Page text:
SPRINGFIELD, Ill. -- The House has soundly rejected a ban on gun modifications known as "bump stocks" that speed firing and were used in the Las Vegas massacre.
Rep. Martin Moylan's measure went down with a vote of 48-54 on Thursday. The Des Plaines Democrat said it would save lives. Bump stocks were found on a dozen guns in the hotel room from which the Las Vegas shooter gunned down 58 at an outdoor concert Oct. 1 before killing himself.
Bump stocks don't alter the trigger. They rely on inertia from the recoil to allow quicker trigger suppression.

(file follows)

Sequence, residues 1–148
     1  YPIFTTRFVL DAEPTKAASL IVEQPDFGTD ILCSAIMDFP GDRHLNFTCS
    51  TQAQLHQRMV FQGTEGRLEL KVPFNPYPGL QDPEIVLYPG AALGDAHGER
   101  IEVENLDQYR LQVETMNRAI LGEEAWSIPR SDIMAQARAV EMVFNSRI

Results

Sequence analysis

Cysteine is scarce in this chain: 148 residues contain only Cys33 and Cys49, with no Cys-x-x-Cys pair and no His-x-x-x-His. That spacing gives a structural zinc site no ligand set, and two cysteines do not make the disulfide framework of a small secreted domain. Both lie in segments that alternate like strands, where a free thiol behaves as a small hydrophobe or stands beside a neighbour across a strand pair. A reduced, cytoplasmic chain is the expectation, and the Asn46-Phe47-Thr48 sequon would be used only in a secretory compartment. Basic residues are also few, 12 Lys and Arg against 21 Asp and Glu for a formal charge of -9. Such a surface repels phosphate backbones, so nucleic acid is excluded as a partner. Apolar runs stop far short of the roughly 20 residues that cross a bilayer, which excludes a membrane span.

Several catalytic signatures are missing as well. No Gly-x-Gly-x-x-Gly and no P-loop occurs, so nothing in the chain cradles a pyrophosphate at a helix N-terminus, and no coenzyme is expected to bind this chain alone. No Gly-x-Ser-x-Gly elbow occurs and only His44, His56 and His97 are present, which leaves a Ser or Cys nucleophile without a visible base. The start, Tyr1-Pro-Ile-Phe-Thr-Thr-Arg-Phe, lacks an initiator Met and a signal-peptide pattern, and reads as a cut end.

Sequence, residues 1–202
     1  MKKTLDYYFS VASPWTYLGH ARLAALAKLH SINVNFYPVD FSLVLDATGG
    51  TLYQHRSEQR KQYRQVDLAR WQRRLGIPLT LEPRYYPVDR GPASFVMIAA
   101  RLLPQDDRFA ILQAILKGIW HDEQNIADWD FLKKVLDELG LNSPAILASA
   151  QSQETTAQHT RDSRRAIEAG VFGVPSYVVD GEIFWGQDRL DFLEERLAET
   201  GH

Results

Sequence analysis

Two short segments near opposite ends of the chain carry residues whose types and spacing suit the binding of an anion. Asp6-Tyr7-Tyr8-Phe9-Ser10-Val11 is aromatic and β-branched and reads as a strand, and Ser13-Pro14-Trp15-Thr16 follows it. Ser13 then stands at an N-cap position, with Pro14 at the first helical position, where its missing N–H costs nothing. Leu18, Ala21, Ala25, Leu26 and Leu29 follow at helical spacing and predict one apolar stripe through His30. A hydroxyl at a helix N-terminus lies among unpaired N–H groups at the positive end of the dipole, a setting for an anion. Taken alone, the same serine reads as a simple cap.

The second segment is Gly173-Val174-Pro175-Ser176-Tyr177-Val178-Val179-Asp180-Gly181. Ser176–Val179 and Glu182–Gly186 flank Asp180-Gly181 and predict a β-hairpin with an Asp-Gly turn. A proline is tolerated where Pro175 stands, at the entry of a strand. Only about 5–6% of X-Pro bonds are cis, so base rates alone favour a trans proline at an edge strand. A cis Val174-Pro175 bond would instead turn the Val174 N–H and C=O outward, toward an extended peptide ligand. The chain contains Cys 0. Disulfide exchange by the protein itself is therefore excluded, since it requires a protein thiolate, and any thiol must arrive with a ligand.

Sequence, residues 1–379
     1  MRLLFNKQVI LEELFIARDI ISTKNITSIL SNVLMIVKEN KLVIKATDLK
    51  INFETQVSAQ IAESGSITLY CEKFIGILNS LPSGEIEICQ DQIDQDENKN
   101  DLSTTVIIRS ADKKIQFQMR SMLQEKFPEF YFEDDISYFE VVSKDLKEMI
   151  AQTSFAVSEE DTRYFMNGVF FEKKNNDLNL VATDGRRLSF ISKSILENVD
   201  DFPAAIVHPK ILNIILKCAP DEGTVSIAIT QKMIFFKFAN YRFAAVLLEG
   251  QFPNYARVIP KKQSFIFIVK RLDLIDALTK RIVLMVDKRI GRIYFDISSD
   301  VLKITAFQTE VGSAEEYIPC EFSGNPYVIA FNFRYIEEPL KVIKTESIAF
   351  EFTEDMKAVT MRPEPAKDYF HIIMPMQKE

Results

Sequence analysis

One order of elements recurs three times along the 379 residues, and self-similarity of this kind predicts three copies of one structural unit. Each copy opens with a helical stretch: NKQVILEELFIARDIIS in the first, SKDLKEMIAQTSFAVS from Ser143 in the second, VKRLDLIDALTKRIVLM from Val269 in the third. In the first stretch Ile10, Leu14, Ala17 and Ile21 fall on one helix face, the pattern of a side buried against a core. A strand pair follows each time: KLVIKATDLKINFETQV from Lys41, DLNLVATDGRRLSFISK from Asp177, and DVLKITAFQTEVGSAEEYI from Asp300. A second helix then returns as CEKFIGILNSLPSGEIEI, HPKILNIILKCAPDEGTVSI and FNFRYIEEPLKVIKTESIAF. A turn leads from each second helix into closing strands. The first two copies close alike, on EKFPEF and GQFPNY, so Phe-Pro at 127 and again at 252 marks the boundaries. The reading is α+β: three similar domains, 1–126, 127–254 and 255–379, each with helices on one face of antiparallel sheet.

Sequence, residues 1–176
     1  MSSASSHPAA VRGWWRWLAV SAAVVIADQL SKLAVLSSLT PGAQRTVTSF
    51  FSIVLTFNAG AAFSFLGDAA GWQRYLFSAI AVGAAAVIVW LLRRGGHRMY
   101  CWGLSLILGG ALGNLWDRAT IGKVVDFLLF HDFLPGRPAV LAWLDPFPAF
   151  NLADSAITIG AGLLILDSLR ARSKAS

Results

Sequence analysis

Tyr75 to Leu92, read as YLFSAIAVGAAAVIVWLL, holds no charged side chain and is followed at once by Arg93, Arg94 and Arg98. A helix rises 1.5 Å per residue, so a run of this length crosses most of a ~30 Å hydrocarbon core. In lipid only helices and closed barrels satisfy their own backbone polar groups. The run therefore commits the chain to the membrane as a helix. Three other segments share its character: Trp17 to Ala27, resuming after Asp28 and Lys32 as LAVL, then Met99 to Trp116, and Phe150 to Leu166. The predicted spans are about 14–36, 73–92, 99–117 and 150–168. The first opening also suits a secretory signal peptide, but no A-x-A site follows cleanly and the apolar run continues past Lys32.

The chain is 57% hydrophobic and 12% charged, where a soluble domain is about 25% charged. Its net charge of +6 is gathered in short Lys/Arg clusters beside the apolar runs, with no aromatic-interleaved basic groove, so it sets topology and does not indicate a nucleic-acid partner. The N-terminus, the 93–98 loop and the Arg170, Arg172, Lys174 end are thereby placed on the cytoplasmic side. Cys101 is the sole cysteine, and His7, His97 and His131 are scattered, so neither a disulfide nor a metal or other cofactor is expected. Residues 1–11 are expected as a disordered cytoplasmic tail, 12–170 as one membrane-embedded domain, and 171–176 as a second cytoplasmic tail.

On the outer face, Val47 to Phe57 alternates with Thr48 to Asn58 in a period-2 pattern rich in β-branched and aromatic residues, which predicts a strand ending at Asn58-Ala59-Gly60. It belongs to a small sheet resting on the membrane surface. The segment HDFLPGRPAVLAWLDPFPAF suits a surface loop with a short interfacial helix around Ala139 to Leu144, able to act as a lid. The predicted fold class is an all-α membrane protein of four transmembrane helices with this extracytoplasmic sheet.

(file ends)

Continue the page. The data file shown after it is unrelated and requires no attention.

But Moylan's nixes any trigger modification that allows faster firing. That troubled gun advocates, Republican and Democrat alike.
Republican Rep. C.D. Davidsmeyer of Jacksonville said trigger modification for an edge in competitive shooting is routine. He says Moylan's measure would mean "turning law-abiding citizens into criminals. Things they currently have are going to be illegal."
Both the House and Senate adjourned until the first week in November. They’ll have to confirm each other’s overrides.